social value bill
The outlook for social enterprise in the Philippines is promising – and a proposed Social Value Bill could foster significant sector growth  ©

Gawad Kalinga

The British Council has just published a report entitled A Review of Social Enterprise Activity in the Philippines which finds that social enterprise is vibrant and growing in the Philippines, awareness is rising, and the country is on the cusp of important policy changes that could see social enterprise have a much wider presence and impact in coming years.

The Philippines is a populous (107 million people) geographically dispersed (7,107 islands) and youthful country (34% of the population under 14 years old), where more than a quarter of the population lives below the poverty line. It has a strong entrepreneurial culture, with one million Medium and Small Enterprises, which account for 99% of all businesses in the country.

A survey taken in 2007 established that there were 30,000 social enterprises in the country, a majority of which were cooperative or associations of some form. Few of these operate at scale, though there are some notable exceptions.

Maria Angela Flores, who leads the British Council’s social enterprise programme in the Philippines, said, “it seems that the overwhelming majority of formal social enterprises in the country are product or commodity-based. This suggests that there are vast opportunities for social entrepreneurs to address unmet demand by moving into new sectors such as health and education.”


While there is no social enterprise-specific legislation in the Philippines yet, two Bills are currently being debated which could provide substantial support for the sector. These bills were introduced by policy makers such as Senator Bam Aquino who met with leaders of the social enterprise movement in Europe during a visit organised by the British Council.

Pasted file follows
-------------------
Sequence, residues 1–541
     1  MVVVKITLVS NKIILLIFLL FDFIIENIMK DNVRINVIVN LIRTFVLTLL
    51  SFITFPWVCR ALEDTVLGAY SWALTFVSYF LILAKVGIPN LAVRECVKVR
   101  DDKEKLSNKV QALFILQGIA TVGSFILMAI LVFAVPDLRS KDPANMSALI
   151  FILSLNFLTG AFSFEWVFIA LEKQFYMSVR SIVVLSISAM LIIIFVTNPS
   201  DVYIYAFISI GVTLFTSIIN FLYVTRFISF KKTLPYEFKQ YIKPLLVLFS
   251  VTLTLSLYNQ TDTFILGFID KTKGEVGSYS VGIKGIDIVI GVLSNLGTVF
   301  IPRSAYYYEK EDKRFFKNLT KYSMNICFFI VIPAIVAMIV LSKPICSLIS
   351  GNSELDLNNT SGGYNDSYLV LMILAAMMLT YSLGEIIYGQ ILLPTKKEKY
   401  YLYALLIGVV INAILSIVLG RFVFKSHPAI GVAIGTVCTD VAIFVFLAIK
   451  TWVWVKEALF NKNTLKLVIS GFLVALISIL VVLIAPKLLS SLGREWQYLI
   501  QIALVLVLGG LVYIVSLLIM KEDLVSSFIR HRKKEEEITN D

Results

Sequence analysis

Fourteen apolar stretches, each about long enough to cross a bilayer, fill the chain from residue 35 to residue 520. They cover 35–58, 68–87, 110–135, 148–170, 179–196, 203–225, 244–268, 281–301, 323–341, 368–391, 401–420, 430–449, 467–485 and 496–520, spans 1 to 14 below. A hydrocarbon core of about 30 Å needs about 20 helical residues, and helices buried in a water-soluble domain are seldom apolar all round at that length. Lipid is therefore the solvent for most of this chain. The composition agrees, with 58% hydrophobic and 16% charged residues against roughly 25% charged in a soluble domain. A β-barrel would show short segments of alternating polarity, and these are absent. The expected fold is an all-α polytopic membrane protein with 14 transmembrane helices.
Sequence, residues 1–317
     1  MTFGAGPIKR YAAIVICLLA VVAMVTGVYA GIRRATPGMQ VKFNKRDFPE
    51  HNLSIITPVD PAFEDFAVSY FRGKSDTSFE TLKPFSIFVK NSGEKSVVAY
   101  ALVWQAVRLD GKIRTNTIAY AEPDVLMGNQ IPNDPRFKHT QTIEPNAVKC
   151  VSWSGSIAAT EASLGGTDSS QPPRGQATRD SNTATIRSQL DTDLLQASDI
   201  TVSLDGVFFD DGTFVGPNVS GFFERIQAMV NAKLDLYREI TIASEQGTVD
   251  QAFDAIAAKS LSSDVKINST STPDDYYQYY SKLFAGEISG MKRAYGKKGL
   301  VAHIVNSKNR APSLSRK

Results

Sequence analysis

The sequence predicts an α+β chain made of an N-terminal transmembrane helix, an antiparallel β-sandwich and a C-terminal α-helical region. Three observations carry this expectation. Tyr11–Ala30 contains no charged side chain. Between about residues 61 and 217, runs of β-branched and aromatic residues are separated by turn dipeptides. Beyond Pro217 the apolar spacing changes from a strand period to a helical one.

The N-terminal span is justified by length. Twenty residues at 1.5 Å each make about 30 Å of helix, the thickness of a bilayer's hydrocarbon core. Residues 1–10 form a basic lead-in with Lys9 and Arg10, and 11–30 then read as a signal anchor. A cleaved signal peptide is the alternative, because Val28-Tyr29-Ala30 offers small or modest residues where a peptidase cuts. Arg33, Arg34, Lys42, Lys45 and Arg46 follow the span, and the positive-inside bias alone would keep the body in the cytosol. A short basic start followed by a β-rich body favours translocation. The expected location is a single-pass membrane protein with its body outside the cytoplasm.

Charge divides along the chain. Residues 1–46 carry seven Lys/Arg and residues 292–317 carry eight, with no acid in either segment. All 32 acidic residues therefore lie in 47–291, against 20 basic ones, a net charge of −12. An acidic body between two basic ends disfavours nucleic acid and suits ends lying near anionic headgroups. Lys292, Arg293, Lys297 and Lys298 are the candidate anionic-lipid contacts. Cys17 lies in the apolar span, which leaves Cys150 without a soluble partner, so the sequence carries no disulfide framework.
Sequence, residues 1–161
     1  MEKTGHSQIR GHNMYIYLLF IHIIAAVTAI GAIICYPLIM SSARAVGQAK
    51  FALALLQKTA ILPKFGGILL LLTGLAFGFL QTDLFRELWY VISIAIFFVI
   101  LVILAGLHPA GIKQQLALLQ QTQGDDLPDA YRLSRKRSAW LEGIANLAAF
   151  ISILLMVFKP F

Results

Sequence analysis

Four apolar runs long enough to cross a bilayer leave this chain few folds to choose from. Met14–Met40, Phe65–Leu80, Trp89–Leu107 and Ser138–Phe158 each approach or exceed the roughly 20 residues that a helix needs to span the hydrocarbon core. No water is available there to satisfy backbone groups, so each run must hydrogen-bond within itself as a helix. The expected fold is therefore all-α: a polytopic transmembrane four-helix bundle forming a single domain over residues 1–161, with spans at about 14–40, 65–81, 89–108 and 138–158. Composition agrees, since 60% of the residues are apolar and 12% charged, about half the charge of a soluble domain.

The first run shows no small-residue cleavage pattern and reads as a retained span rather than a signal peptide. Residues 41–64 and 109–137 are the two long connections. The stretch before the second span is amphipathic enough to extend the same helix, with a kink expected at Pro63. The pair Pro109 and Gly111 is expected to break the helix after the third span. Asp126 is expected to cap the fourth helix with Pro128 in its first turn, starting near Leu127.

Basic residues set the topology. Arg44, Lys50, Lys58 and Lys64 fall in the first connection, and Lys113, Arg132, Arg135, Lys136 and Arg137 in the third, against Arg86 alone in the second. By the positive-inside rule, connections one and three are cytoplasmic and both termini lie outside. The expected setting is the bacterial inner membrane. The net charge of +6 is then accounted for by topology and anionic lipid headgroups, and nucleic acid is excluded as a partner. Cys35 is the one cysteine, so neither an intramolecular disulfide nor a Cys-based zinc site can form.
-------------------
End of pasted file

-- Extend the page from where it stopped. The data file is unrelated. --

One of these is the Philippines Social Value Bill, modelled on the UK Social Value Act, which would include ‘social value’ in all government procurement – meaning that bids for any government contract put out to competitive tender would have to be evaluated on the social benefit to society they would deliver as well as on their value for money and product or service quality. This social benefit might include “support for poor communities or marginalized groups, advancement of human rights and social justice, protection of the environment, and community development.”

Funding for social enterprises is available from microfinance lenders, foundations, donors such as the Asia Development Bank (ADB) and from social impact investors such as LGT Venture Philanthropy and IIX (Impact Investment Exchange Asia). Another source of funding is the Filipino ‘diaspora.’ The Philippines has one of the largest diasporas in the world, with around 12 million Filipinos living abroad, and the economy is heavily reliant on the remittances they send home. Some overseas workers have invested in a fund which provides capital to social enterprises alongside business skills support.


That said, few social enterprises are sufficiently large or scalable to absorb significant amounts of capital, and they struggle to reach minimum investor thresholds. The geography of the Philippines creates particular problems for achieving economies of scale to attract finance and for replicating and scaling success.

Moreover, there is a skills gap in terms of knowledge of the commercial side of social enterprise operations – business development and management, accounting and legal and fiscal processes as well as marketing, logistics and distribution.


A growing number of support structures are emerging to support the sector. These include an increasing number of universities and business schools that provide social enterprise undergraduate and post-graduate programmes, or social enterprise modules as part of other programmes. Other sources of support include chambers of commerce and some corporations. Support seems to work best when targeted to the needs of individual enterprises, or accessible to enterprises as and when they require it.

Looking ahead, the British Council’s Maria Angela Flores said, “We hope that this report will be a useful resource for all stakeholders helping to build the movement here and expect that it will greatly inform our future work in embedding social enterprise in the development agenda."

A Review of Social Enterprise Activity in the Philippines was prepared for the British Council by the Overseas Development Institute (ODI), one of the UK’s leading independent think tank on policy and practice for international sustainable development. ODI has worked with the British Council to implement studies on the social enterprise landscape in Ghana, Bangladesh and, now, the Philippines.